When Oklahoma State's Marcus Smart shoved a 50-year-old Texas Tech fan for calling him “a piece of crap'' during Saturday's game, it ripped the scab off a long-festering issue in basketball, a sport of high emotion and tight quarters:
Does a ticket-buyer earn the right to say or do most anything within the law without penalty?
Churlish fan behavior is far from new.
Nebraska coach Tim Miles on Monday recalled an NAIA road game in which the opposing school's football players sat behind his bench, heated pennies with a cigarette lighter and flipped them onto the necks and shoulders of his substitutes.
In a game at Oklahoma State in the late 1970s, Nebraska's Andre Smith and Carl McPipe went about 10 rows up the floor-side bleachers to try to get at hecklers.
Missouri's old student section “The Antlers'' was the national champion in boorish and crude behavior. The garbage I saw and heard at times made me want to go into the bleachers.
The Antlers were widely known for “researching'' opposing players for information to harass them. In 1988, a story had been written about Iowa State star Jeff Grayer playing to honor his ailing mother.
When the Cyclones warmed up before the game, the Antlers' referred to him as “a mama's boy'' and called his mother “a fat cow.''
As Grayer left the floor at the end of warmups, he politely asked the students to stop the insults because of his mother's health woes. When ISU came back on the floor, it started again, so Grayer waded into the stands before being restrained.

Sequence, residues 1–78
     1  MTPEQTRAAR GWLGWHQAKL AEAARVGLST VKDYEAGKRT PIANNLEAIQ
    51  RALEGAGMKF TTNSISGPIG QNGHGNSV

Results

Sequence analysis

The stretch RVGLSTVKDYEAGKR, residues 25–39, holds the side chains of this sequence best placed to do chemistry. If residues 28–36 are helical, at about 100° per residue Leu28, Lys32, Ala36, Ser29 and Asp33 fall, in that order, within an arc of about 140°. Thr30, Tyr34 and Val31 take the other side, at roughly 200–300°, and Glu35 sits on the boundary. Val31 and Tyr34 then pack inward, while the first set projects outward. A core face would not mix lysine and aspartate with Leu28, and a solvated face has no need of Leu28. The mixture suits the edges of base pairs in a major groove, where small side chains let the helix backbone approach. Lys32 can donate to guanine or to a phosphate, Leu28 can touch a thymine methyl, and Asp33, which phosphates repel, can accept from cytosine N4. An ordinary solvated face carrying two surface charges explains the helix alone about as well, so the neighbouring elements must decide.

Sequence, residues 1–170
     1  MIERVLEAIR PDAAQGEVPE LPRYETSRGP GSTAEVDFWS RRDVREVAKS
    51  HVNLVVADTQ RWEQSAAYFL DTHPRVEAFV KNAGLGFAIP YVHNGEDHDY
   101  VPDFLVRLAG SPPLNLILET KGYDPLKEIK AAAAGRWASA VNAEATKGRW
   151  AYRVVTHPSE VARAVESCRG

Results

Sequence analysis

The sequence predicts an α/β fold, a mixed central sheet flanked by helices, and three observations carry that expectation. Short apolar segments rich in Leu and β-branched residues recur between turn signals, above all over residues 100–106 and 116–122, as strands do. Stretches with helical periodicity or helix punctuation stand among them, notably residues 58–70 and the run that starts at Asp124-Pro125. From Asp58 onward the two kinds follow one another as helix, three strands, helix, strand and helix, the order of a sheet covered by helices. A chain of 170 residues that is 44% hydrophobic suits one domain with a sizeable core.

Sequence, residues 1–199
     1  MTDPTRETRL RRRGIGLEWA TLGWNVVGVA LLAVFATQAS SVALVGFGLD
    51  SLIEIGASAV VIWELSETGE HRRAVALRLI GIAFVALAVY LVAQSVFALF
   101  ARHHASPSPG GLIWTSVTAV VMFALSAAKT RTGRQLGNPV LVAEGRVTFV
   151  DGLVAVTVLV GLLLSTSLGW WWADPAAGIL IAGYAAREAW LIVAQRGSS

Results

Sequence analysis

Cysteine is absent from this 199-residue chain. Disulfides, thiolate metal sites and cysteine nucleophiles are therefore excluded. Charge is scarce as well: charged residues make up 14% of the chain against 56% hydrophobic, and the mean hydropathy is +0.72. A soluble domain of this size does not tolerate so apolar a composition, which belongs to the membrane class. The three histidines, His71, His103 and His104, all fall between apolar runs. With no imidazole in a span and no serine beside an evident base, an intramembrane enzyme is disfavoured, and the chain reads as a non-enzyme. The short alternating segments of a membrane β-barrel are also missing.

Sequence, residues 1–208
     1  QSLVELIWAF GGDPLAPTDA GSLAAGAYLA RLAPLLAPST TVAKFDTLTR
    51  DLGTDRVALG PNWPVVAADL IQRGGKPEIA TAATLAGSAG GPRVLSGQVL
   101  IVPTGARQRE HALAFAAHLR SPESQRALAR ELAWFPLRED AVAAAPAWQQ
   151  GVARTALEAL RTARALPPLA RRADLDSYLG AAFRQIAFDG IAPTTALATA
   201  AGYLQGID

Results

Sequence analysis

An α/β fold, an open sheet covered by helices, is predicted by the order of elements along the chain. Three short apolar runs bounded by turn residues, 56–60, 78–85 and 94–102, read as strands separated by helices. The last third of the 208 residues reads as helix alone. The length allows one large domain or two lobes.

Unranked Missouri defeated No. 10 Iowa State 119-93, and Grayer admitted the personal attacks of his mother affected him.
“I don't mind if they taunt me,'' he said that day. “But when they want to get personal, that's where I draw the line. That can cause fights.''
Most Big Ten coaches on Monday said fans will be fans.
“You don't respond to them,'' said Purdue coach Matt Painter, who will hear plenty Saturday when instate rival Indiana invades. “That's the best way to go about it. That might be the only way.
“They paid the money for a ticket. They can sit there and scream and yell what they want. Sometimes it's not positive and not politically correct and it's wrong, but you have to ignore them.''
But Michigan State coach Tom Izzo sees a new dynamic — the world of Twitter, Facebook and Instagram.
“I'm a social media basher. I hate it,'' said Izzo, in his 31st year at MSU, the past 19 as head coach. “I don't think there is any question everything has changed the last three years.''
The seemingly nonstop social interaction college players and fans have today, Izzo said, creates tension not just during a game but before and after, too.
“You never get away from it,'' he said. “You go there and get chewed on, and that's normal. You can take that. Then you get on the bus and you're still getting chewed on by their fans or your fans.''
Trying to limit social media access is fruitless.
“Telling them not to read it is like telling them not to breathe,'' Izzo said. “So I think that's created a whole new problem.
“I don't think fans are much different than they were, except they are so ignorant on Twitter. Fans get so cocky now because they can hide behind their little computer and say things.''
Northwestern coach Chris Collins is well versed on college basketball crowd behavior.
As a former player and assistant coach at Duke — known for its student section “The Cameron Crazies'' — he has heard many clever cheers, and others so far over the line that they were stopped by head coach Mike Krzyzewski.
Like Izzo, Collins is concerned that social media has heightened the tension at sporting events.
“Fans can get to the players in more ways leading up to the games,'' he said. “More people feel they have a bigger freedom of speech to say whatever they want. That has made it a little more dangerous.''
Let's try for a little more decorum instead.
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Video: Smart incident
Video: Fox Sports talks about Smart's draft stock